DS' diet isn't a particularly super healthy one. He has sweets from time to time. He loves flavoured milk (Moove, Oak, or Deveondale) and he'd also have cakes, donuts, nutella, etc... the sweets seem to be the culprit, but from my own observation (a bit subjective) that DS starts behaving silly or tries to annoy me when I have gotten upset with him and he thought I hadn't spend a LOT of one-on-one time with him (mind you, he's the boy that I breastfed for 3.5 years so deep inside my heart i felt like he's grown a big attachment to me).

    When it comes to parenting together with DH, i find that whenever someone needs to tell DS off after his mistakes, it would work better if there's only one person only warning him. Having me and DH together 'yelling' at him will make the situation worse and not to mention all the crying and screaming (he thinks two adults are punishing him). So if he makes mistake with DH then DH would handle him - I wouldn't want to butt in, but i'd occasionally mention it to DS after he calms down).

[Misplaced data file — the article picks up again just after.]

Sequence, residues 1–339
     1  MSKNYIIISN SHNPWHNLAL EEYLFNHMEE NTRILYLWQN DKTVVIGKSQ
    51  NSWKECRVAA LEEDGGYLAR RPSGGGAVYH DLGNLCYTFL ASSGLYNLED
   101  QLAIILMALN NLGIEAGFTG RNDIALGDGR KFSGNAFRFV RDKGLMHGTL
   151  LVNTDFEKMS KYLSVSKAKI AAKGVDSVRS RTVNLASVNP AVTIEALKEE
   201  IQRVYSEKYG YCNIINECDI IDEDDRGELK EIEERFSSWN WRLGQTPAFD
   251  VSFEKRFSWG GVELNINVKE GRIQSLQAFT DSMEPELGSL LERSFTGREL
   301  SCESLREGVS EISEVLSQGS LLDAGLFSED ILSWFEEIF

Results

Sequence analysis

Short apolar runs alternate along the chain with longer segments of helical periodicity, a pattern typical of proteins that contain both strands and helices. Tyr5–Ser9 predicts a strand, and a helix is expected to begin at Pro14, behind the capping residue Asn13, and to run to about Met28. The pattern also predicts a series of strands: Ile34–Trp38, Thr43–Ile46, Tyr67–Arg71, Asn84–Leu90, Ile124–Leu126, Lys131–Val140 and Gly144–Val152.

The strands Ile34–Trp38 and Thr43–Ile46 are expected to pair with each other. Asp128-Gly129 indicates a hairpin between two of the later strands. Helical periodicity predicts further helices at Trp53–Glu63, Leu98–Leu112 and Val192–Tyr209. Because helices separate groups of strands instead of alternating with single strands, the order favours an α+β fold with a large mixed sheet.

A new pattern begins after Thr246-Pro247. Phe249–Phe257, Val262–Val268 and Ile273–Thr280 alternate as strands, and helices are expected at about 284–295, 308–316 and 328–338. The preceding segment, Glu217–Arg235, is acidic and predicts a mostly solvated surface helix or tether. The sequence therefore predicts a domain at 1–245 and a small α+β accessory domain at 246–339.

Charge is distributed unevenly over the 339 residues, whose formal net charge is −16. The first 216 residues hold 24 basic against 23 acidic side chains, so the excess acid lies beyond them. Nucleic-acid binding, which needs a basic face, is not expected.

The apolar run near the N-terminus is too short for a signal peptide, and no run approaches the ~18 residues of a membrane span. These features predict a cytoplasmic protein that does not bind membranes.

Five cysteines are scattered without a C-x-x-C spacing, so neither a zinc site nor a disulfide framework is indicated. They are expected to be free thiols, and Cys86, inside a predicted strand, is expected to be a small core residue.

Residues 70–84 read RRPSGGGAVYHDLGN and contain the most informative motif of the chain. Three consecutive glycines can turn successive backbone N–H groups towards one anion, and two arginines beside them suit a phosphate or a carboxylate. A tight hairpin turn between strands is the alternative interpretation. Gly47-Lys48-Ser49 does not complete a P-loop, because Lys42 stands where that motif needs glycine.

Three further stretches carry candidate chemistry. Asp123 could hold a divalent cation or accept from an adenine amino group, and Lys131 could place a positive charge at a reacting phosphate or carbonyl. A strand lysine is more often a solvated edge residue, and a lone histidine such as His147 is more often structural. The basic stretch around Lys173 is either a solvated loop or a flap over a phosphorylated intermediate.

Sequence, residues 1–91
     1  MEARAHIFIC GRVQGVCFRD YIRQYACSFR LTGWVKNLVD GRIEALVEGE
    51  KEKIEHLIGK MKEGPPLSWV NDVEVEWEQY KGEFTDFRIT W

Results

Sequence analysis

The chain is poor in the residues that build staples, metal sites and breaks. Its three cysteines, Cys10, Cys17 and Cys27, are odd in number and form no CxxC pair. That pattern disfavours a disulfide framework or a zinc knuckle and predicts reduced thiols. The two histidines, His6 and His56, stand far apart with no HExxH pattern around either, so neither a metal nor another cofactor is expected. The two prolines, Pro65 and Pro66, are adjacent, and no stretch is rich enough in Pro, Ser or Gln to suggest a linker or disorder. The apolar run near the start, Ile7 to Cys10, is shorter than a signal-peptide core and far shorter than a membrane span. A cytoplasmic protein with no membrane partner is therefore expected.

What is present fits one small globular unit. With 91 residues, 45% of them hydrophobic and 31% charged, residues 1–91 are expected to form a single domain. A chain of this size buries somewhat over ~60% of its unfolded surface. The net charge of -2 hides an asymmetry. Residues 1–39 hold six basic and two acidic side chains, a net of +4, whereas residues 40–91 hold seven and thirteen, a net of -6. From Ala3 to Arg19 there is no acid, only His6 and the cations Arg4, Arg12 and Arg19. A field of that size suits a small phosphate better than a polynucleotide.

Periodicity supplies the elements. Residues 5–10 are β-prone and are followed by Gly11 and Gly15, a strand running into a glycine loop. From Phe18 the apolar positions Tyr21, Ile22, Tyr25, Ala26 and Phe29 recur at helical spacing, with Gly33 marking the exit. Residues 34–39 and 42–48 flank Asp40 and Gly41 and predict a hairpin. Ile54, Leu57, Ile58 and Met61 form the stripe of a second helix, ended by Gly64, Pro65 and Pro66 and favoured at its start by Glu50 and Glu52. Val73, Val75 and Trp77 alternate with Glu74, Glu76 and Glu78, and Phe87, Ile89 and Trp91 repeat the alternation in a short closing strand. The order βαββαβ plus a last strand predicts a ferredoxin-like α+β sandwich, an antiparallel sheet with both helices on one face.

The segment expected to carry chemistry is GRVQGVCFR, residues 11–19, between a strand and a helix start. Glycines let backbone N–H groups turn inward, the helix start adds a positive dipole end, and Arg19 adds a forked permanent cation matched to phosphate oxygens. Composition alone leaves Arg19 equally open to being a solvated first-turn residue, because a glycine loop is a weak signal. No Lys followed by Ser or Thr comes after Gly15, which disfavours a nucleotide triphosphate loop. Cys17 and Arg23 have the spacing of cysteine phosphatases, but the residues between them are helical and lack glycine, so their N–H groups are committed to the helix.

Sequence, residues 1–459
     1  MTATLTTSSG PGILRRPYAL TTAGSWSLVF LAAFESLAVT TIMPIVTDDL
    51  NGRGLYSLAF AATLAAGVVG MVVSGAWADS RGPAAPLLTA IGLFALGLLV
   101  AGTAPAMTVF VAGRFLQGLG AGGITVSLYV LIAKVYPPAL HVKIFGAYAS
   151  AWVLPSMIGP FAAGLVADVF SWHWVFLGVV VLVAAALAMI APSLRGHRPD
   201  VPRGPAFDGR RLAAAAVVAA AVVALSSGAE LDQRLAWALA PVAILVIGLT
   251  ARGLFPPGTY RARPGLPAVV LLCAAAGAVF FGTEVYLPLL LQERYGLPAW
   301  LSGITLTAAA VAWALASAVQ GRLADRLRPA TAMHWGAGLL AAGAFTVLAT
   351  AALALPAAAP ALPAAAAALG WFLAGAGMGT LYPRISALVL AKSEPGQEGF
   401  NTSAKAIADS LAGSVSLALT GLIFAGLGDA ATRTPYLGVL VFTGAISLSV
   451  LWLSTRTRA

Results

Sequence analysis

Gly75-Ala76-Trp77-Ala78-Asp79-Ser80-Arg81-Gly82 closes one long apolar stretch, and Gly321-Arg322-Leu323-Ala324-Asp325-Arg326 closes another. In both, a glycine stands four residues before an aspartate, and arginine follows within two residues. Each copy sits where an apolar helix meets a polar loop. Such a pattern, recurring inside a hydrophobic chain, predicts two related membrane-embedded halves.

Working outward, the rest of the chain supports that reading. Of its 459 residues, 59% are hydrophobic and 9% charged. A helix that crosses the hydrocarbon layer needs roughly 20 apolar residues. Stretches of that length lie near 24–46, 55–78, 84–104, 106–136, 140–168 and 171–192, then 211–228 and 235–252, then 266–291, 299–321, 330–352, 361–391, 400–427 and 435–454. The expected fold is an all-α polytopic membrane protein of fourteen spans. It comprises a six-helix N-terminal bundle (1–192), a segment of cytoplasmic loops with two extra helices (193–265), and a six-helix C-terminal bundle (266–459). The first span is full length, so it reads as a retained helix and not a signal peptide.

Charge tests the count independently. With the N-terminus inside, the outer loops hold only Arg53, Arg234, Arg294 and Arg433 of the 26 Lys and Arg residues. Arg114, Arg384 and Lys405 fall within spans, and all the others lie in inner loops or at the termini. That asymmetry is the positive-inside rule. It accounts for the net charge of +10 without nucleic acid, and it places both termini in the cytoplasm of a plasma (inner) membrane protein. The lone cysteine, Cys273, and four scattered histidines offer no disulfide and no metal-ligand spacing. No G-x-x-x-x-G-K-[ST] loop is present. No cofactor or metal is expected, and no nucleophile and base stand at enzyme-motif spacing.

Last edited by bunnymum; 14-04-2016 at 21:20.

  9. #9
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    Please don't let people label your kid as naughty and go overboard with 'punishment' until you know what's going on with him. If you focus on punish, punish, punish, then if your kid ends up having a sensory issue, ADD etc then 1) your efforts are going to be wasted (trying to fit a round peg in a square hole). 2) your kid is going to feel awful 3) you are going to feel awful.